@Energion Political Roundtable Question #10 – Education

I’ve been asking questions that I thought would concern others. This week I’m answering a question that’s on my mind, and which I don’t think the candidates at any level have addressed enough. How can we go about improving the quality of education in this country?

This question may not relate to the presidential candidates as much if you believe the federal government should not play the primary role on this issue. But as I have mentioned before, I hope you will address other candidates in your area, including state and local ones. I think it is unfortunate that so little attention is paid to elections at the local level. Feel free to choose your ground for this discussion. (here)

I can’t find a previous post on this subject, so I’m going to have to rewrite it.

First, I recently heard a statistic stating that if the failing schools were taken out of the mix, the U.S. would rank in the top 5 in terms of education. Let’s say this is truth, or shucks, even half true – we have to focus on our failing schools more.

But the main question we have to consider is the role the Federal Government plays in the it.

“The whole people must take upon themselves the education of the whole people and be willing to bear the expenses of it. There should not be a district of one mile square, without a school in it, not founded by a charitable individual, but maintained at the public expense of the people themselves.” — John Adams, 2nd U.S. President, 1785

History is littered with quotes from the Founders in respect to a public education system. This does not necessarily mean they believed the Federal Government to be the sole determiner of the type of education; however, given the disparate needs of the country, the Federal Government is about the only way to ensure a decent educational system.

Why? First, and perhaps foremost, the future of the Republic depends upon an educated populace. Considering that this is the only real way to have a Republic, rather than the dreaded democracy, education is considered a right. To that end, since the Constitution demands that the Federal Government mandate a Republican form of Government for the States, the Federal Government must have some role in how that education system is instituted.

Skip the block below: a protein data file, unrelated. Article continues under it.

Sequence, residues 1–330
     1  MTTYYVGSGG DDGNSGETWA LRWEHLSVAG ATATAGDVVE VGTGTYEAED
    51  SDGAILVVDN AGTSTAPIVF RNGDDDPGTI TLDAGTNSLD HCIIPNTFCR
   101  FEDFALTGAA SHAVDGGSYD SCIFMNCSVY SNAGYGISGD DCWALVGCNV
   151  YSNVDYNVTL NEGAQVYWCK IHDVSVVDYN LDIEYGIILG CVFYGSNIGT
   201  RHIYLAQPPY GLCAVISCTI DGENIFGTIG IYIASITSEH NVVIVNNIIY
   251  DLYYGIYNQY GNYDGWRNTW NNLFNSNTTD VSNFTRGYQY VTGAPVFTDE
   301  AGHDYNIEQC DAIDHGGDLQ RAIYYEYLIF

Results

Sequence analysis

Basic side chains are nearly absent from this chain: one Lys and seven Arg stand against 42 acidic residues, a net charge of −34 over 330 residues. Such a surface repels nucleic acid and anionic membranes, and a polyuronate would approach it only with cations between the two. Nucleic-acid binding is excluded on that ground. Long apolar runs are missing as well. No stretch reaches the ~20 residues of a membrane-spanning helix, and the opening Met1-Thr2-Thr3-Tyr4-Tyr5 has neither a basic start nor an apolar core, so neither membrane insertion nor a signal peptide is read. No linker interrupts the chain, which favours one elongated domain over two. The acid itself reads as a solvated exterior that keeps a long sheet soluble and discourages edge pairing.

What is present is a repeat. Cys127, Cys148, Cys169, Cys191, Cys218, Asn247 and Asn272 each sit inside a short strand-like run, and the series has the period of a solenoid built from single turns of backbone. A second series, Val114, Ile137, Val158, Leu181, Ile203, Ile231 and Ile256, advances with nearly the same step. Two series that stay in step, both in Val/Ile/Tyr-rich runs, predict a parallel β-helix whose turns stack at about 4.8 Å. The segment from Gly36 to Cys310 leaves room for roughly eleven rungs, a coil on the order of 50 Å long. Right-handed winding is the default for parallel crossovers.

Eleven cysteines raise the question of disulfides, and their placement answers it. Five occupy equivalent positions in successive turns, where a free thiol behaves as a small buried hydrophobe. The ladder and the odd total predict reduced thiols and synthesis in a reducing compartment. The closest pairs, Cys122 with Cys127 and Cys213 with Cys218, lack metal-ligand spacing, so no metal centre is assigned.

So, standards need to be set. High. And then let the States figure out how to bring the students up to that standard. We need to dispense with the German method and go back to the Scottish method, in my opinion. We need to tough up on the younger grades, and leave the coloring books at home. Yes, academic arts is needed, but I swear, I think all the lowers grades do anymore is cut and paste. Let me begin to learn a language or two from the very beginning. But, I get ahead of myself.

The Department of Education needs to be preserved, but programs like No Child Left Behind must be dispensed with. Instead, the DoE must have the power to take over failing schools. But, here is the other thing. What causes a failing school? What causes failing students? While we can blame the teachers, and if you do, you are most likely an idiot, we need to look at the parents. There are two types of parents that are at fault for the lackluster performance of our school system. The parents who do not care and the parents who believe they will beat the teacher into giving the child a better grade than he or she deserves. Either the child or the teacher is thrown under the bus.

Something else, I think. Most states should implement a itinerant program for teachers and principles. The school is not your Kingdom. Move. Also, longer school hours, longer school years, and more classes involving critical thinking, the classics, comparative religion, and a higher focus on civics education.

I could go on…

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3 Replies to “@Energion Political Roundtable Question #10 – Education”

  1. Improve your quality of education at a swoop by becoming a provence of Canada! Then all American school kids can learn about the War of 1812, which the U.S. lost to Canada. That might make future Americans a bit less warmongering!

  2. You could go on and on and get nowhere until you mentioned poverty. The stat you are thinking about is our schools with 10 % or less poverty perform first in the world. 10-25% poverty top 5.

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